DERlab member DNV GL has launched its upgraded Smart Cable Guard 2.0, which is a data-driven online monitoring solution. Smart Cable Guard 2.0 enables system operators to digitalize their operations and to repair weak spots before the grid fails. This will keep power grids safe and reliable, resulting up to 25% fewer failures compared to traditional methods.
Read the original press release here.
NREL Researchers lend their DER Integration Expertise to IEEE Power & Energy Magazine’s March/April Issue
The March/April issue of IEEE Power & Energy Magazine features new ideas and solutions on how to tackle challenges and take advantage of the opportunities of more distributed energy on the grid. The issue also presents case studies and lessons learned from those on the front lines.
NREL’s Barry Mather served as guest editor for this issue which includes two articles by NREL staff. One of them is “Achieving a 100% Renewable Grid: Operating Electric Power Systems with Extremely High Levels of Variable Renewable Energy”.
Read the whole IEEE March/April issue here.
Original source by NREL.
The US National Renewable Energy Laboratory (NREL) has published a landmark report extensively detailing component and system-level cost breakdowns for residential PV solar systems equipped with energy storage.
Though costs of solar systems are steadily decreasing while the economic viability of energy storage systems has increased significantly over the last several years, gaps remain in developing an in-depth understanding of the costs of combined PV and battery systems and in effectively communicating their value proposition. The report “Installed Cost Benchmarks and Deployment Barriers for Residential Solar Photovoltaics with Energy Storage: Q1 2016” serves to quantify the previously unknown or uncertain soft costs for combined solar PV and energy storage. It is the first in a series of benchmark reports that will document progress in cost reductions for the emerging PV-plus-storage market over time.
Original Source by NREL
Smart grids link various types of energy technologies such as power electronics, machines, grids, and markets via communication technology, which leads to trans-disciplinary, multi-domain system. Simulation packages for assessing system integration of components typically cover only one sub-domain, while terribly simplifying the others. Co-simulation overcomes this by coupling sub-domain models that are described and solved within their native environments, using specialised solvers and validated libraries.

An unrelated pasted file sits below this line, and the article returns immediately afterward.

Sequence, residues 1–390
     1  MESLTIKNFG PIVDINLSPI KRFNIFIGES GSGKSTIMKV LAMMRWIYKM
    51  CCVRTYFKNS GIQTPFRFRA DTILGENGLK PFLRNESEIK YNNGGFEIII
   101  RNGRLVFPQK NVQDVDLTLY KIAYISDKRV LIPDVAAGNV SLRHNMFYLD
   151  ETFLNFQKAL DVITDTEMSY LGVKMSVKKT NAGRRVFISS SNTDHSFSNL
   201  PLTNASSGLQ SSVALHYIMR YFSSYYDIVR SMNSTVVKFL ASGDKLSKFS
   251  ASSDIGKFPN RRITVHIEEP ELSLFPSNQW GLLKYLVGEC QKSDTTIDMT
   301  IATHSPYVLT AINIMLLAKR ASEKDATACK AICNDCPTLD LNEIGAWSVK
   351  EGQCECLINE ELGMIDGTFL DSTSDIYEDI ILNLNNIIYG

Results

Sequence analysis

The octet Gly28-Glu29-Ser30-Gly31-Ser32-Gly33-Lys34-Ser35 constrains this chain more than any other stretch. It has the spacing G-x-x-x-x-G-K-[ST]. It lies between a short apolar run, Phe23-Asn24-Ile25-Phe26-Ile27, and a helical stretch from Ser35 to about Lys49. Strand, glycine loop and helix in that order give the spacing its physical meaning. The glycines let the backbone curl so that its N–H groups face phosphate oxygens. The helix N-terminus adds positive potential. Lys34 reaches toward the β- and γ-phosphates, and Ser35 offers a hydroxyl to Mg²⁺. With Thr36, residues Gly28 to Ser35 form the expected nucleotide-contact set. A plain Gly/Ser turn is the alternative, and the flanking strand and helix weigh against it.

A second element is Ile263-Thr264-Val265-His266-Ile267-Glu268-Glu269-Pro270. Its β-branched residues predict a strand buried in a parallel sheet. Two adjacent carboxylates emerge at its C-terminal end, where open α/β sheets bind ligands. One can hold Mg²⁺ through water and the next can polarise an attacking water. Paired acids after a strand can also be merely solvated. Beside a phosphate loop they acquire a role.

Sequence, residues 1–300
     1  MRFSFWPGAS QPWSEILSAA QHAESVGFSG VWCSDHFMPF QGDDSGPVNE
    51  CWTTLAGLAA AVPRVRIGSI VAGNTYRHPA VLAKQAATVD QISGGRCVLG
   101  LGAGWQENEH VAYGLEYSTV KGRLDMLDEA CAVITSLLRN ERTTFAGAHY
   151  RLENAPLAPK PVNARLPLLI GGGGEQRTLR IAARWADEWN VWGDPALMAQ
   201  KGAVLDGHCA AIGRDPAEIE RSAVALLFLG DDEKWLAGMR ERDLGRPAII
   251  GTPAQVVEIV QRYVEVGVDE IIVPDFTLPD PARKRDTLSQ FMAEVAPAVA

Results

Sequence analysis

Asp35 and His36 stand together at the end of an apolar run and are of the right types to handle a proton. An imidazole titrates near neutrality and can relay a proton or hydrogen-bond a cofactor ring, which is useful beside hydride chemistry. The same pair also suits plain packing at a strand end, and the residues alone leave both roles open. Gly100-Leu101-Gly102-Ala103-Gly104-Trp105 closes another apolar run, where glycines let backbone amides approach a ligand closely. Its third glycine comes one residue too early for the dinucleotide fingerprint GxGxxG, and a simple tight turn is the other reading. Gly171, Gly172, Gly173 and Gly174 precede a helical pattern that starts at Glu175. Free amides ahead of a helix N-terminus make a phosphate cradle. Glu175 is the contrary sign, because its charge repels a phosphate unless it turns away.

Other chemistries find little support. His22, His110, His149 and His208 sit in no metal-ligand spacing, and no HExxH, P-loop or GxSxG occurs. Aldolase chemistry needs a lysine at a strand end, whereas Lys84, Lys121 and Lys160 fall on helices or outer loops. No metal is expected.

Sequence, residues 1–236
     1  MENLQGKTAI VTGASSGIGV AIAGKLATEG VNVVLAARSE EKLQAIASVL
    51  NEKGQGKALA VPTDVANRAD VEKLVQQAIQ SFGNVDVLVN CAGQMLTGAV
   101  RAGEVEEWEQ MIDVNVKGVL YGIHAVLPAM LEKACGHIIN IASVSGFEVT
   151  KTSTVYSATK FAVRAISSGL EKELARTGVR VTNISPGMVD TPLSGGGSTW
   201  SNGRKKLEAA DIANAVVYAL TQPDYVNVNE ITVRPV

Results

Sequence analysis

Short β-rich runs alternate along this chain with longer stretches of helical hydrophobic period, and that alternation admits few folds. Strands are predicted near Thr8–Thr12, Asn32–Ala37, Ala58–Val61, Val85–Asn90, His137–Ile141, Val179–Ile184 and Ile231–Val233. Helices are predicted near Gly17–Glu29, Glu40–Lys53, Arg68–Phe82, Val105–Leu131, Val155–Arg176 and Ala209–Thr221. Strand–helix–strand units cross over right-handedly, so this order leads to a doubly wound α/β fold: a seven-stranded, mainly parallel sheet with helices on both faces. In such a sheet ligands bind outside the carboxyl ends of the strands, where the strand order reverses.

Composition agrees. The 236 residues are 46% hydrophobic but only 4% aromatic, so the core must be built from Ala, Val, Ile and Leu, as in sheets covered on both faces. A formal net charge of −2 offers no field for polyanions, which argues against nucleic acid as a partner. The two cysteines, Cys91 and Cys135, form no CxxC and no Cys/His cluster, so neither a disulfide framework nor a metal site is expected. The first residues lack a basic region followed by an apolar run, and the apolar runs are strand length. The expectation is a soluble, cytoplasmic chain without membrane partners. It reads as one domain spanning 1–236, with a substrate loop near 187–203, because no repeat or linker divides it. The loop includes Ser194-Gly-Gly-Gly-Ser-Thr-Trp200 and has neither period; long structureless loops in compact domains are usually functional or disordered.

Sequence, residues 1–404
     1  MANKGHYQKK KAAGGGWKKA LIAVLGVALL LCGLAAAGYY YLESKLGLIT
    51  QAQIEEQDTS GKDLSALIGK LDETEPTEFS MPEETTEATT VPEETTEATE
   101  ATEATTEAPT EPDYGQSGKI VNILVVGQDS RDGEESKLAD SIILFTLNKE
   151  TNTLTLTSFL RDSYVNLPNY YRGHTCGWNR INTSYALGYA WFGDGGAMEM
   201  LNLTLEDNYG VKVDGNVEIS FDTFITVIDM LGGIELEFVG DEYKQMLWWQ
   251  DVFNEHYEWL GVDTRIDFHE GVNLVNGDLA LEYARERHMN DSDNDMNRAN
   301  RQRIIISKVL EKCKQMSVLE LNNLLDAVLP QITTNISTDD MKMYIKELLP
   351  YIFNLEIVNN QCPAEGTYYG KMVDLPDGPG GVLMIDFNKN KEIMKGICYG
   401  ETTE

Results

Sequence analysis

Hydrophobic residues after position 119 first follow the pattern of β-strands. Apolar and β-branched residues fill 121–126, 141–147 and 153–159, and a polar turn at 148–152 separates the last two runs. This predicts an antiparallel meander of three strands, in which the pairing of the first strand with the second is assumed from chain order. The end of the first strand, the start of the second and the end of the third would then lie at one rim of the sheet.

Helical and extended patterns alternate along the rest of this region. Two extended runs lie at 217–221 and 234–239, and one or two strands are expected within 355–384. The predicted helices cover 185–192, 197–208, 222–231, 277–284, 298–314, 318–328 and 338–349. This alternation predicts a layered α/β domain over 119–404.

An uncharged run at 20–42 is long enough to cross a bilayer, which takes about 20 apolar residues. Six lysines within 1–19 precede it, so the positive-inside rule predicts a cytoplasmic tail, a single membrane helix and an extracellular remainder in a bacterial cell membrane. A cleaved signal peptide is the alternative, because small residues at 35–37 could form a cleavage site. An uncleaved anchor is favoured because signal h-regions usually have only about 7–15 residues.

Covering fundamentals and applications, the articles “Applied co-simulation of intelligent power systems: implementation, usage, examples” and “Co-simulation of intelligent power systems: Fundamentals, software architecture, numerics, and coupling” discuss the state of the art and conceptually describe the main challenges for simulating intelligent power systems. Supported by ERIGrid, these papers present the work performed in the project on improving simulation-based evaluation and validation approaches.
As the focus of smart grid solutions is moving from a single system to a system of systems perspective, the increasing complexity results in growing engineering efforts and costs. For this reason, new and automated engineering methods are necessary. The paper “Engineering Smart Grids: Applying Model-Driven Development from Use Case Design to Deployment” addresses these needs with a rapid engineering methodology that covers the overall engineering process for smart grid applications—from use case design to deployment.
You can find further ERIGrid resources here.